Locomotive No. 1202

| January/February 1969

  • 22-65 Hp Advance engine
    Courtesy of Florian C. Karl, Jordan, Minnestoa 55352 Wm. O. Landers 22-65 Hp. Advance engine. Florian C. Karl, operator at this time at the Scott-Carver County Threshing Bee.
    Florian C. Karl
  • Hospital Track
    Courtesy of Harry Hall. 223 High St. S.E., Albuquerque, New Mexico 87102 The 1202 on Hospital Track.
    Harry Hall
  • 8 HP Steam Traction Engine
    Courtesy of Houston L. Herndon, Box 5363, Sarasota, Florida 33579 NICHOLD & SHEPPARD 8 HP Steam Traction Engine - Restored and owned by Harry Blackrick and Houston L. Herndon. Will be operating February 8th and 9th, 1969 at the FLORIDA AMERICAN
    Houston L. Herndon
  • Wayne Drudge
    Courtesy of Wayne Drudge, R.R.2, Akron, Indiana 46910 A picture taken on Mr. and Mrs. Wayne Drudge Farm, located two miles northeast of Akron, Indiana.
    Wayne Drudge

  • 22-65 Hp Advance engine
  • Hospital Track
  • 8 HP Steam Traction Engine
  • Wayne Drudge

223 High St. S.E., Albuquerque, New Mexico 87102

Locomotive Number 1202 is on the Hospital Track without her main drivers and that leads to quite a story.

The 1202 and 1205 were assigned to a local passenger run and since the schedule called for a stop at almost every station the running time between stations was very fast.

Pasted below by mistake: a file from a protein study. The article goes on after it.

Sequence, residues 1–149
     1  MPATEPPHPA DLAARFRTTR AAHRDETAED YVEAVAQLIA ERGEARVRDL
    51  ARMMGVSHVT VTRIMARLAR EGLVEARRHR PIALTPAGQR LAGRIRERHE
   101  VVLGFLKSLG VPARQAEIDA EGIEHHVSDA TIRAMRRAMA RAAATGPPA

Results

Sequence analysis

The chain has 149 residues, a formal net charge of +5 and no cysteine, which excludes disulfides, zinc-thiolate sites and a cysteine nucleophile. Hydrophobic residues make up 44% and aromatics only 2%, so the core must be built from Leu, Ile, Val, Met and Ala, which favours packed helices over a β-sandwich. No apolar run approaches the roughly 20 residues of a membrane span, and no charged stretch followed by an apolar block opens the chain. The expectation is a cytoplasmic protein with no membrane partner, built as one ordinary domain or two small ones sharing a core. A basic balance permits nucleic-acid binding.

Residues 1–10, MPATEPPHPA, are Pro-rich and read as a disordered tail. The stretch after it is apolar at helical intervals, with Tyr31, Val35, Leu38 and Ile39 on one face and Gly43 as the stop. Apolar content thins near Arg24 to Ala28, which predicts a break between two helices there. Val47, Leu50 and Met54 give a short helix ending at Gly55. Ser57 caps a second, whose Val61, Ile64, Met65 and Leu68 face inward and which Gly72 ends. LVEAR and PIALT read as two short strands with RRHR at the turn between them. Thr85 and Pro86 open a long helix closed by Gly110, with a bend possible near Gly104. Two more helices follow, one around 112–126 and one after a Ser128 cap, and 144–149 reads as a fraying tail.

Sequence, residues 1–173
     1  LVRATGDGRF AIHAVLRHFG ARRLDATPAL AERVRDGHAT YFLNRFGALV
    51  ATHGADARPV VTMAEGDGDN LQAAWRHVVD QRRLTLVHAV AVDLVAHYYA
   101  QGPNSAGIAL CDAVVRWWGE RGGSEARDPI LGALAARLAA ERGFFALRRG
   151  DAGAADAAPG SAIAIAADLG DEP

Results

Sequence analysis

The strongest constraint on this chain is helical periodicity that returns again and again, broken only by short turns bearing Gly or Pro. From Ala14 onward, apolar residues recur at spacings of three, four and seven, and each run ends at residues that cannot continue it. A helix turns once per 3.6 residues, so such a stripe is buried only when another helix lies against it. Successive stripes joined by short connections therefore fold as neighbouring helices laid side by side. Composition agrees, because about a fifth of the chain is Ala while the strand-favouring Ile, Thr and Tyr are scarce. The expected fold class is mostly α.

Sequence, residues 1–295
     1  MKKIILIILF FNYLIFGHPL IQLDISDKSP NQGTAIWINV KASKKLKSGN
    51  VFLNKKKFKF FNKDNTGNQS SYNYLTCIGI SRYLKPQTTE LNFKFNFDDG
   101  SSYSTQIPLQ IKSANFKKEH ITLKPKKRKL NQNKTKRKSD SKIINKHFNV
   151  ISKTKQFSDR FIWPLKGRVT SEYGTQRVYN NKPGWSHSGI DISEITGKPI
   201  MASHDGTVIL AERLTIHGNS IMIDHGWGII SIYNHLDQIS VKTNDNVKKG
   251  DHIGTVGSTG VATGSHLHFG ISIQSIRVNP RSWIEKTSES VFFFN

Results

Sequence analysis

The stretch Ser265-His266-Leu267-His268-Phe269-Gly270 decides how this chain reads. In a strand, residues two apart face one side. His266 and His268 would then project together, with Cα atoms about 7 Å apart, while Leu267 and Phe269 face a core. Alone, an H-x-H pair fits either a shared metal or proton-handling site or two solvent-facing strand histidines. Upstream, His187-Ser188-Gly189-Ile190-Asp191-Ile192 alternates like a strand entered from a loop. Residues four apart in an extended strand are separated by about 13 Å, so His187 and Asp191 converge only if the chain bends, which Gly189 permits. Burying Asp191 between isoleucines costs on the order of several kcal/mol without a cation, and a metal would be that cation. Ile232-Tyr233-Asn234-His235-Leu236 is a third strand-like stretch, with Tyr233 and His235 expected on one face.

The 1205 was called one wet fall day to pull the local passenger train and Engineer Humphrey carefully inspected and oiled the various parts waiting for departure time.

Finally, when the last cream can and passenger were aboard the Conductor gave a Highball and Engineer Humphrey lost no time in getting the 1205 rolling. She nosed and rolled considerably due to the lateral in her driving boxes but no more than any other 1200 class and acted as thought it would be a very good trip.

Things went well for about thirty miles. Two slops had been made and Engine 1205 was really 'kicking up her heels!' But she must have kicked a little too hard for as Engineer Humphrey said, 'All at once the old girl gave a big lunge and I thought she was going to turn over. We were on a high fill of track at the time and it was at least ten feet to the bottom. Well Sir, she rolled and pitched and bucked and jumped--it felt like she went every direction but off the track! At the first lunge the air went in to emergency application for some reason. I closed the throttle and she settled down a little finally coming to a stop. We had been running about sixty miles per hour when the trouble started.


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